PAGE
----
ing, thought a little extra-tenderness not But there are opinions which are capa- unfit towards the more suffering and ble of being held only by a very brutal gentler half of poor humanity : or a very vulgar person. The person may be brutal without being vulgar; and

Then gently scan your fellow-man,

Still gentlier sister-woman. of course he may be vulgar without be. ing brutal. A Spanish Inquisitor, look The person who says No to that is ing on quietly at the burning of a Jew, brutal besides being blind. Sampson was unquestionably brutal, but not neces- might have remarked, indeed, that he sarily vulgar; while the Puritan preacher always took the very blackest possible in America who got a poor witch burnt, view of the behavior of both man and and having complacently beheld her ago- woman : and that the question of degree nies, preached a sermon on the occasion accordingly mattered but little with him. in which he expressed a super-devilish Smith, in reply to Sampson's cheerful (or infra.devilish) satisfaction that she argument, felt much disposed to say that had (as he expressed it) 'gone howling it was a dreadful thing to think of God out of one fire into another,' was not damning' either woman or man. But he only a brute, but a vulgar brute. I have

vulgar brute. I have was a youth upon his preferment: and known one or two Puritans very like in those days a young preacher’s ‘soundhim. My friend Smith tells me that ness' was like a woman's virtue : and he many years ago, when a young lad, he was well aware that had he said anything was talking with a divine (since deceased) of that sort Sampson could have greatly named Sampson. Sampson was one of interfered with his chances of preferthose under-bred, un-scholarly, coarse ment by going about shaking his head grained illiterates who make one think and lifting up his hands together with how mysterious a thing it is that God his shoulders, and saying he feared Almighty permits such to represent young Smith was unsound, was dangerChristian life and doctrine to any; their ous, was Negative, was Broad. So apparent vocation being to make the Smith, by no small effort, held his tongue, young hate religion. Even so the Pope, and got away as fast as he could. But if well-advised, might largely subsidize a Time brings its revenges : and the day blatant railer at the Church of Rome, came on which Smith was able, without whose whole demeanor tends to make the smallest alarm, to tell Sampson exProtestantism ridiculous and disgusting actly what he thought of him and his

theology and his general career. The to be regarded as 'fine bodies,'‘ivverly estimate expressed was somewhat unfa- runnin', and preaching in ‘a fine style vorable. But there was no fight in Samp- o' langidge.' I have no fear that such son; and he slunk away, like a dog with an unhappy time will be here in the life its tail between its legs.

of any one now living. But oh the suiNot Brutality in opinion is the writer's cidal idiotcy of such of the clergy as from present subject, however ; but Vulgarity. temporary irritation join hands with We are to think of that order of beliefs such as would degrade their office in the and notions which imply vulgarity in the very dust! persons holding them.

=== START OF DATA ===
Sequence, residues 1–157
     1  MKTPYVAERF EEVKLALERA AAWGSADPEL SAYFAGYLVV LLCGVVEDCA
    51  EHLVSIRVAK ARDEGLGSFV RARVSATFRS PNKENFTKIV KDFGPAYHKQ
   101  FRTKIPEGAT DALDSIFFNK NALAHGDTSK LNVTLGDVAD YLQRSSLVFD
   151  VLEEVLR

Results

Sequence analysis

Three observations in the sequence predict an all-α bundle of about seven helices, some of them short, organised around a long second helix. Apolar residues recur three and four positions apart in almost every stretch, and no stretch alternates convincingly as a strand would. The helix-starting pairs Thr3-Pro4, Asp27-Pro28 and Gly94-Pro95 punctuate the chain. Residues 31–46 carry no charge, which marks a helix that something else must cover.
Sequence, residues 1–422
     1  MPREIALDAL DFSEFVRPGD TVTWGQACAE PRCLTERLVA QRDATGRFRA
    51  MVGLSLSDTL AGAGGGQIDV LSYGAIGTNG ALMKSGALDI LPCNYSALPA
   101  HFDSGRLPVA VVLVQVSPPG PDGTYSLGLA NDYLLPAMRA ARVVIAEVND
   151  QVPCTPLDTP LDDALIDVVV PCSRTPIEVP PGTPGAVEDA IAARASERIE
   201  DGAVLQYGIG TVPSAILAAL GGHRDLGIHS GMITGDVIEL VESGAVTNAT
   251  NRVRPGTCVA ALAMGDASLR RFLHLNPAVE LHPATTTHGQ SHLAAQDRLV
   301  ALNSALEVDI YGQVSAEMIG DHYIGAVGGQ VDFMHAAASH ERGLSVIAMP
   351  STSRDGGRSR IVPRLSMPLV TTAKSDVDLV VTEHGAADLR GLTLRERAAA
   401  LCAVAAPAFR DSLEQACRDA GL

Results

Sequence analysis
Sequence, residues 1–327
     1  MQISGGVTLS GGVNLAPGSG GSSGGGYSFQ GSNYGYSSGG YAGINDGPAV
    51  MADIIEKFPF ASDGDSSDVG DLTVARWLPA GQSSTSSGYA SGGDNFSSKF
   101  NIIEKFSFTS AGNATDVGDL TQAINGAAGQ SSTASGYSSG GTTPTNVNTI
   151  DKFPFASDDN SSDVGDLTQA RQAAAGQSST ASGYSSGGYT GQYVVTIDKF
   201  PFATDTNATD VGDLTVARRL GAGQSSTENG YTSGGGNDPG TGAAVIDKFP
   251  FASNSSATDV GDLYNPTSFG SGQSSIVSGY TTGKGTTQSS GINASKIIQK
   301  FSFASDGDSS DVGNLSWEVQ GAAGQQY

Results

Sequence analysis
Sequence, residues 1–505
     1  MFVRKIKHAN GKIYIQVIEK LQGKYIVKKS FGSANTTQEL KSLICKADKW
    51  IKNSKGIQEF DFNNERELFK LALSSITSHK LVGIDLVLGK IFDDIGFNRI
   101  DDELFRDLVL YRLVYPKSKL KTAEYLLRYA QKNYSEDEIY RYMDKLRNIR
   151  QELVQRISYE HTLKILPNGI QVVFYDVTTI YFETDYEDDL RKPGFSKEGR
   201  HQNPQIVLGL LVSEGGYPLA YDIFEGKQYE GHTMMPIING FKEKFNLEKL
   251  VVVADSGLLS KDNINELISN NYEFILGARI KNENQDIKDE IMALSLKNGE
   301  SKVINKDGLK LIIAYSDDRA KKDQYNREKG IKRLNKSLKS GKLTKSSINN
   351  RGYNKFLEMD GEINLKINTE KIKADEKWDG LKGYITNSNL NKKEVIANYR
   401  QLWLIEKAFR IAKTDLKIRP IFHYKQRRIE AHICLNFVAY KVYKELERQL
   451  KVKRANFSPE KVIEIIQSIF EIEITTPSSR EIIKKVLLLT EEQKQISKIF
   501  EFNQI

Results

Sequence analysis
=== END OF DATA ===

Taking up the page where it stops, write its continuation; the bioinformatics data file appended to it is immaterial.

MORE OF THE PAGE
Let not any at- All this, however, is by the way; tempt be made at a definition of vulgari- though it is not quite irrelevant. Let it ty. I never saw a successful one; and now be said that an argument is selfthe last I saw was by Sir Arthur Helps. condemned when it commends itself We all know the thing when we see it. only to an exceptive or abnormal perAnd some of us unhappily see a good son: to a very stupid person, or a very deal of it. There are few more trying vulgar person ; or only to a Scotchman forms of it than the historical form: or a Highlander. Many folk know that when it states the proceedings of mortal there are such arguments; if indeed men, putting these in the most repulsive argument be the proper word. And any way. I do not at this moment recal any opinion, or belief, is self-condemned, example of a more dreadful fashion of which as a matter of fact you know can putting the attention of a parish priest never be accepted by educated folk, by to an afflicted family, than that of the folk of decent culture. The man who individual who stated that when he had stated, in all honesty, that not only he trouble in his house, the worthy man himself had never read either Milton or ' under whom he sat' was most mindful; Shakspere, but that he did not believe in point of fact he was ivverly runnin',' any human being had ever read Milton that is, making frequent pastoral visits. or Shakspere, was capable of accepting 'Ivverly runnin' : ' such was the acknow- and holding opinions which you, my ledgment of much thought and kind- gentle and friendly reader, could not acness, much bodily fatigue, on the part of cept or hold though your life depended a highly-educated and devout gentleman. upon it. Such a one could not at all see It is not much fitted to lead a man to or feel many considerations which are devote himself to the sacred office in the most apparent to you. Such a one will discountry where such is the manner of put- cern great force in considerations which ting things. Worst of all, the person you would put aside as not having the who used the phrase, though no doubt weight of a feather. There are opinions, desirous of putting his parish clergyman' most honestly held, which go naturally in his proper place, had no idea that he with grubby nails, uncultured souls, was speaking of him in unduly depreci. mean suspicions, coarse jokes receivatory phrase. But the faithful and dili- ed with horse-laughter, wretched tattle gent priest, now passed to his rest, who recorded and reiterated to a neighbor's related the fact to me, said rather sadly prejudice, and statements that the docthat he feared even such was the mode tor or the clergyman was (not duly in which a good deal of the best work of kind and attentive, but) ivverly runnin'. the best men was expressed in words in Last Sunday the writer, being in the a country known to us both. Other greatest of Scotch cities, was proceeding sentences, highly analogous, suggest towards the grandest of Scotch churches, themselves; but they are best put away when he met a Scotch divine whose and forgot. Let it be said, however, name is remarkably well known to fame. that should the evil days of what is That excellent individual, holding up a called Disestablishment come, and the quarto volume bound in morocco, utexisting independence. of the National tered the exclamation ‘What a blessing Clergy cease, all those who are known to it is to read one's prayers! It is Peace. me will wash their hands of a work Peace.' Then he went on his way, lookwhich will have ceased to be the work ing very peaceful and comfortable. He for such as them. Doubtless human be- serves one of the most influential of the ings will be found who will be content congregations of the Scotch Church ; and in the Scotch Church (as a rule) the my own study here I could think of prayers are not read. Each clergyman what was suitable to be said, but I have provides his own: either (1) bona fide not that command over my nervous sysextemporizing them (and it is wonderful tem that I can be sure I could recal or how well this is done, after long habit, express it before many people when the by a devout and able man): or (2), hav- time comes.' It appeared to me at the ing written them and committed them to time that I had rarely heard a stronger memory: or (3) having, through a grad- argument for read prayers. Why not, I ual process of crystallization, extending thought (though nobody said it), write through years, arrived at certain seldom- down in the study the suitable words, varied forms which cannot be said to and so be sure of having them ready at have been at any specific time prepared. the critical time? Can any mortal sugThe good man has gradually grown into gest any coherent reason against doing these forms, and most of the congrega- so; except that preposterous prejudice tion could repeat them; but they never requires a Scotch clergyman to look, at were written nor got by heart. Here the moment, as though he were extemand there, you find an exceptive preacher porizing his prayers? And not with the who spreads out the document before Scotch National Church, but among the him, and with due solemnity reads his ignorant and fanatical English Brownists prayers. The late Dr. Robert Lee was or Independents of the seventeenth centhe first to do this habitually. The tury, did that vulgar prejudice originate. great Chalmers, enlightened far beyond I remember, too, how a clergyman of the his age, had indeed ventured to do this very highest ability and deepest devoon occasions, half-a-century since. But tion, after he had ministered for more so aware was he of the common preju- than fifty years, told me that each Sundice against it, that he did it surrepti- day morning, going to his huge church tiously : there are those still alive who to officiate, he did so under a misery and saw him, when Moderator of the General anxiety beyond words, in the prospect. Assembly, reading his prayers from a of conducting public prayer. The mismanuscript deftly hidden in his cocked. ery went off, always, when the duty was hat. The prayers, of course, when read, fairly entered on. But I thought to myare incomparably better than when ex- self, If you, being what you are, and temporized; and the strain of anxiety what all the country knows you for, feel upon the officiating. clergyman is greatly so, what ought men to feel who are scores diminished. And the prejudice against of miles below you : and what need is the reading of prayers is a vulgar and there that any mortal should have to stupid prejudice, if such a prejudice feel so ? But that good man was a truethere be at all. The minister's duty is blue Presbyterian, and would have been to lead the devotions of the congregation scandalized beyond words by the suggesas well as possible. Surely he can do so tion of a provided form of prayer : also better if he have carefully considered the he plainly thought that to go through circumstances and needs of the congre- this gratuitous misery each Sunday was gation in the quiet of his own study, and somehow enduring and doing more for set these forth in reverent and decorous his Master's sake; it was ‘ spending and words there, than if in the hour of pub- being spent.' No wonder that Dr. Roblic prayer, nervous, fluttered, fearful lest ertson, of Glasgow Cathedral, as wise and some of the many things to be remem- good a Scotchman as ever lived, should bered should escape his memory, he at- have said, many years ago, that 'the tempt to do all that there. And the ex- reasons in favor of a partial liturgy are ertion of the faculty of memory, some quite unanswerable.' Dr. Crawford, the know, is very quenching to devotional late Professor of Divinity at Edinburgh, feeling A strained mind does not go said the like in the writer's hearing times kindly with a warmed heart. I remem- innumerable. And the educated populaber, years ago, being present when one tion of Scotland is now unanimous on of the most eminent of the Scotch clergy that matter. Unhappily, there is a large was asked to conduct public prayer upon inass of decent people who still need to an important special occasion. He de- be educated upon that as upon other cidedly refused. 'No,' said he. 'In matters. At the foundation of the pre